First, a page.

Sir: Max Clifford is right to warn those who sell their stories that their reputations will for ever be at risk. ("Even a child killer should be able to sell her story", 18 June) He is wrong to suggest the market place is the best regulator of press morals.
The newspaper business is about making money and a chequebook has no morals. If newspapers see it as their function to hand out rough justice every day, they must be prepared to take it. But they have decreed that the Press Complaints Commission they pay to regulate the industry cannot levy a tax on profits when a newspaper breaches the ethical code drawn up by the industry.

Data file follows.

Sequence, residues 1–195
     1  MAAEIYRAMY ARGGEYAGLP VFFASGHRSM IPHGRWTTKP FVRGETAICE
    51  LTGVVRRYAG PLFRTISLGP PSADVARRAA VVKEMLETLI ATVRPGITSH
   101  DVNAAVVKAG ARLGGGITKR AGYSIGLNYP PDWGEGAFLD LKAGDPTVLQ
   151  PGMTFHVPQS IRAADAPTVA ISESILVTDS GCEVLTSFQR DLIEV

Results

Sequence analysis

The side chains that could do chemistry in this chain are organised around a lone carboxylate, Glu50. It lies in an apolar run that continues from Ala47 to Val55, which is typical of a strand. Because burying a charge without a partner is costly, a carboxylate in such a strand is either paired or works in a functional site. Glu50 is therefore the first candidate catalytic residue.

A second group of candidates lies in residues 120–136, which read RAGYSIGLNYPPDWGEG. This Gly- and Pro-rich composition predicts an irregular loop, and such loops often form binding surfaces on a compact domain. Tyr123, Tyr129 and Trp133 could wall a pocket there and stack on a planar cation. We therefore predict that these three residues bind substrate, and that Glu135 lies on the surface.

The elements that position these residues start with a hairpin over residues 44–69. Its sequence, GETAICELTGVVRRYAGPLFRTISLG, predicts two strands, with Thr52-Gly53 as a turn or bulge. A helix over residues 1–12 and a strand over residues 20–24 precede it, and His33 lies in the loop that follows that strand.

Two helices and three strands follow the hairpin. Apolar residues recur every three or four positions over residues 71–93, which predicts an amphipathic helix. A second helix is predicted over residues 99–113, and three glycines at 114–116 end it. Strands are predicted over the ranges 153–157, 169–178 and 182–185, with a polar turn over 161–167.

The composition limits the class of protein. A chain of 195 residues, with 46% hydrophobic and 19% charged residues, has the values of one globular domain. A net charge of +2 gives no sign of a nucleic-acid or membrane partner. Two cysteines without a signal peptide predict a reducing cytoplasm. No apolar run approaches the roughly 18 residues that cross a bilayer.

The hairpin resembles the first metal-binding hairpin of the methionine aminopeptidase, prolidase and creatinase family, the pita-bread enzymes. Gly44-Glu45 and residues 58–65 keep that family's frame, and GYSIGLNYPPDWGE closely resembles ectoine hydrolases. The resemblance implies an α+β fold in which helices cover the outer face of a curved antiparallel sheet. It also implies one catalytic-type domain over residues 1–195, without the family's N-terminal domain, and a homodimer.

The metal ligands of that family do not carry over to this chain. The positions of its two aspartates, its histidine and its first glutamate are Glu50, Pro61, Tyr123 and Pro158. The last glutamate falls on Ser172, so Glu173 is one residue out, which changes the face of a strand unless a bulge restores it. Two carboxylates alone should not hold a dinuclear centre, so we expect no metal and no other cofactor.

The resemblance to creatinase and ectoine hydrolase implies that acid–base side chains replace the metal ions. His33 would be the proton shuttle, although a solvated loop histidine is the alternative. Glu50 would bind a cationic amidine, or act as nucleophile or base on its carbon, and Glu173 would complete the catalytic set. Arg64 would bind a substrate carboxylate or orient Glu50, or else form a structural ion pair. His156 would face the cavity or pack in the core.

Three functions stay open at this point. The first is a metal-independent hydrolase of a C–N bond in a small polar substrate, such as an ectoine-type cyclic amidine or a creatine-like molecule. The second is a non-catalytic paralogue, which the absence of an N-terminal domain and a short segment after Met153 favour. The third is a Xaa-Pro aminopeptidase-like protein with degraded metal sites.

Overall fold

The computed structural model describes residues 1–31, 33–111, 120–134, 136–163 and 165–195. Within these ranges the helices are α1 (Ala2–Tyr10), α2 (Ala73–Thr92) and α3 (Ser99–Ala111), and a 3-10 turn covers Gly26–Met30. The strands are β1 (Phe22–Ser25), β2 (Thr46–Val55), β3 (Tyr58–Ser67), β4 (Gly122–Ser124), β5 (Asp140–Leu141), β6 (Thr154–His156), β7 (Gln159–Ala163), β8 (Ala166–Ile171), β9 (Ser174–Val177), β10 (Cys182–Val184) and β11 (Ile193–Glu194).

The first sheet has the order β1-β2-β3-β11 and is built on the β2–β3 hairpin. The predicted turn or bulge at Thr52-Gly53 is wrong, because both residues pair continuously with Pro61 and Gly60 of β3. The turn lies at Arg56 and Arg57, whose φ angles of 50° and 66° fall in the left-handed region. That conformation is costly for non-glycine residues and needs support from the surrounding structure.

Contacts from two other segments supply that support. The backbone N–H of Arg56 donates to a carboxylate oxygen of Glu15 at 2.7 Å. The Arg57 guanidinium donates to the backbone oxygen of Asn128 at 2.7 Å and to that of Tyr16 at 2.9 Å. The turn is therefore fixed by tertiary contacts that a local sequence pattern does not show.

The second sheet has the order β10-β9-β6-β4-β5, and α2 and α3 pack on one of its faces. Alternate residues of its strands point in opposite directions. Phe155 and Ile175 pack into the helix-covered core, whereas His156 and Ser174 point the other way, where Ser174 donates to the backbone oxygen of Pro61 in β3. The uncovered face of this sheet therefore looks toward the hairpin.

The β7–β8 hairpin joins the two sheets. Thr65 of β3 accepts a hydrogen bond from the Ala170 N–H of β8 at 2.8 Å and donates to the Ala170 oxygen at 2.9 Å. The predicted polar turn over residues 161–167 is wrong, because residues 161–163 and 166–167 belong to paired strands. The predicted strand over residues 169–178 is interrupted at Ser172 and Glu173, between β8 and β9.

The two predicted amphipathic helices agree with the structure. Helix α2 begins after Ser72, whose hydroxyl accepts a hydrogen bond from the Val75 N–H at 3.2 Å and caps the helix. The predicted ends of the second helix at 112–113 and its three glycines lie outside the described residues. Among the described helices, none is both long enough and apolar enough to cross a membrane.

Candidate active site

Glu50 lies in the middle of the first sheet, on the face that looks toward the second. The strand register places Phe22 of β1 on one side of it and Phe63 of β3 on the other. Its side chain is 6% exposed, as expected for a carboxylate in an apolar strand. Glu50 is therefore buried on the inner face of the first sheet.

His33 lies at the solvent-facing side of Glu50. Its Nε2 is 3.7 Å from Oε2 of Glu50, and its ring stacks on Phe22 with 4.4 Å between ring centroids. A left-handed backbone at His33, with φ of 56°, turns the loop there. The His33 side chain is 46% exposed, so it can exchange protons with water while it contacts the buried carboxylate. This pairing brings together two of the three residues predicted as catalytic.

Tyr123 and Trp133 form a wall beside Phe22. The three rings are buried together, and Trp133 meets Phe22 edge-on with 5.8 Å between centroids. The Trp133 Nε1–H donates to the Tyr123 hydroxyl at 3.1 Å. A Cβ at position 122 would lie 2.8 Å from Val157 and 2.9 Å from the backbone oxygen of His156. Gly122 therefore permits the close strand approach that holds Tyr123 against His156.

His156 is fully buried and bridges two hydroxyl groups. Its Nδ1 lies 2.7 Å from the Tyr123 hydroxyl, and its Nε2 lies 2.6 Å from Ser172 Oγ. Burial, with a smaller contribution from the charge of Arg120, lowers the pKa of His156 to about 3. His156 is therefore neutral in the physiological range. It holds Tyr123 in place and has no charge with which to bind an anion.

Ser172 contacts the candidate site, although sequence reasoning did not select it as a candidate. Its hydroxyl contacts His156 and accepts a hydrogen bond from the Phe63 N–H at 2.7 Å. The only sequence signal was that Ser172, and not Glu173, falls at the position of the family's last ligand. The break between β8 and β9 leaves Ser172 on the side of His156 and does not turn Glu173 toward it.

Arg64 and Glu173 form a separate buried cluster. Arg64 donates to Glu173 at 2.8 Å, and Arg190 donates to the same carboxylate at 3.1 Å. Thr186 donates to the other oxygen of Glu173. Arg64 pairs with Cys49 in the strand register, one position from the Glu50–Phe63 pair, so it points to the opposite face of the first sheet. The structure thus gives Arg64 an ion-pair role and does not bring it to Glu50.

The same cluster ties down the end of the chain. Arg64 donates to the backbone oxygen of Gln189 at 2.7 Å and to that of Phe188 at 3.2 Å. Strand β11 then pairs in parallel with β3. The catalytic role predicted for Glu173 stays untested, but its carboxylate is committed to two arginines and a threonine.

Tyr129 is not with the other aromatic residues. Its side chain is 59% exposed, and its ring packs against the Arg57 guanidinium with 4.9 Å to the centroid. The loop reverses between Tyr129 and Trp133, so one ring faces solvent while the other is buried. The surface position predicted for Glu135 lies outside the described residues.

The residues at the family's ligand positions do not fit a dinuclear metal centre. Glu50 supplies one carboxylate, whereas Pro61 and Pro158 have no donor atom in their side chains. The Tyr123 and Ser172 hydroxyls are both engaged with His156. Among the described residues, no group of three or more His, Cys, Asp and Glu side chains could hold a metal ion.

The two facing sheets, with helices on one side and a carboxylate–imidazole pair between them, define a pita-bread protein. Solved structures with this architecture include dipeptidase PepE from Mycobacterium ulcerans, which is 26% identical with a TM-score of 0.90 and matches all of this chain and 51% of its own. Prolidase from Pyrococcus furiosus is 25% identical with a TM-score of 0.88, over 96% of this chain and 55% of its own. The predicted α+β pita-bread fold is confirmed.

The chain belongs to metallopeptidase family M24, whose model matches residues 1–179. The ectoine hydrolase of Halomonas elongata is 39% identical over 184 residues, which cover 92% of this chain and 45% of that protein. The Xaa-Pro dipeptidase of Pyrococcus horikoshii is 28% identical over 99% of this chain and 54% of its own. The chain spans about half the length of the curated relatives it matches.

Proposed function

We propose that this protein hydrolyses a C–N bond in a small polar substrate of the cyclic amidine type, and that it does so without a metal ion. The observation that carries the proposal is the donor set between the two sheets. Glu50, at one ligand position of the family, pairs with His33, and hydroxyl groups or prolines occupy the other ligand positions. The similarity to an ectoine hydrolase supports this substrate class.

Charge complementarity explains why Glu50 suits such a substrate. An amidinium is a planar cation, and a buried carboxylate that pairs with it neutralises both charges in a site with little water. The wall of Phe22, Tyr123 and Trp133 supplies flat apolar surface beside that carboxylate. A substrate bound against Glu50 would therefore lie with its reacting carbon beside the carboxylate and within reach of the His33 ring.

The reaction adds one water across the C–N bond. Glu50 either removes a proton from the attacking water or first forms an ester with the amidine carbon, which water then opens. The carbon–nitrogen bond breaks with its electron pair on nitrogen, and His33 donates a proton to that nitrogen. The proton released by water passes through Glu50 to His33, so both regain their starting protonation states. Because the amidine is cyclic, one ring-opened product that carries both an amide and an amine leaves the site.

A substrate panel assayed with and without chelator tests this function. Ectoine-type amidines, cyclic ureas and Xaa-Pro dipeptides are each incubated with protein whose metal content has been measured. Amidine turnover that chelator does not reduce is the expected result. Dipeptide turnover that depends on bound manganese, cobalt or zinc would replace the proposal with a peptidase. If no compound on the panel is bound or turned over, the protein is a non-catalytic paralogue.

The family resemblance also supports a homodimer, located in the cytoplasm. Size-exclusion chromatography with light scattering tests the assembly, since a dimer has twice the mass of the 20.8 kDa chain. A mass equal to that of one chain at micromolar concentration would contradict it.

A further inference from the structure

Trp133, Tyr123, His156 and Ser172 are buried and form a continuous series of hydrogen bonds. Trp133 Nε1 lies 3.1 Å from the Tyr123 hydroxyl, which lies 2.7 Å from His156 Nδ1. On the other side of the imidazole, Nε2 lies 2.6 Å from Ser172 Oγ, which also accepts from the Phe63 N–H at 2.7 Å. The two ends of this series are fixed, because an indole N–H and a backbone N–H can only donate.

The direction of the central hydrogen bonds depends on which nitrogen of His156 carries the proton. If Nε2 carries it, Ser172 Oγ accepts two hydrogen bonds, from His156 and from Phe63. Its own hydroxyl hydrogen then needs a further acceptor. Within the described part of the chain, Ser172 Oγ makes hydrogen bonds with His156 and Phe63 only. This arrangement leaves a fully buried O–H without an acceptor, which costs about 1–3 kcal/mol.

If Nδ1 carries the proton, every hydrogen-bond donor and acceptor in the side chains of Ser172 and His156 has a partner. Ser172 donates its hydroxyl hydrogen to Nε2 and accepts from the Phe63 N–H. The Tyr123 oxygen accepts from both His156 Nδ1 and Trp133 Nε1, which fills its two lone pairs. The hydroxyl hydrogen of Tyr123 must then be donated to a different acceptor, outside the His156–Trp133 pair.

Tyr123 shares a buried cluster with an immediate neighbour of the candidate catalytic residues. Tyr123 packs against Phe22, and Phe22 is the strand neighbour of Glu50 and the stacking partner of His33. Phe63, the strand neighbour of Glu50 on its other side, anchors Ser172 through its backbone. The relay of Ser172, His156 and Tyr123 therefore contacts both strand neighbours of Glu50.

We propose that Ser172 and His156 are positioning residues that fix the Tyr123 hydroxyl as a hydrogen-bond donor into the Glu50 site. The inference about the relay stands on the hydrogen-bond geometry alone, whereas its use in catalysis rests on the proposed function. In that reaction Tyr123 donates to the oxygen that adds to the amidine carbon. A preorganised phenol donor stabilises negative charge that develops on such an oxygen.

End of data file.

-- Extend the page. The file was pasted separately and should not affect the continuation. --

Until such breaches come with a price-tag the marketplace will remain littered with people whose lives have been damaged by the cavalier attitude of the press to human tragedy. Our clients are those who fall foul of the media. They can testify to the lasting harm caused when papers turn with spiteful glee on those who take cheques from their rivals.
Buying exclusive rights is the antithesis of press freedom. Suggest that the practice be outlawed and the industry invokes the spirit of Wilkes. The same cry goes up if anyone has the temerity to say that the innocent victims of their circulation wars should be compensated.
If information is in the public interest it should not have a price-tag - and it should be the press who are reminding us, not Louise Woodward.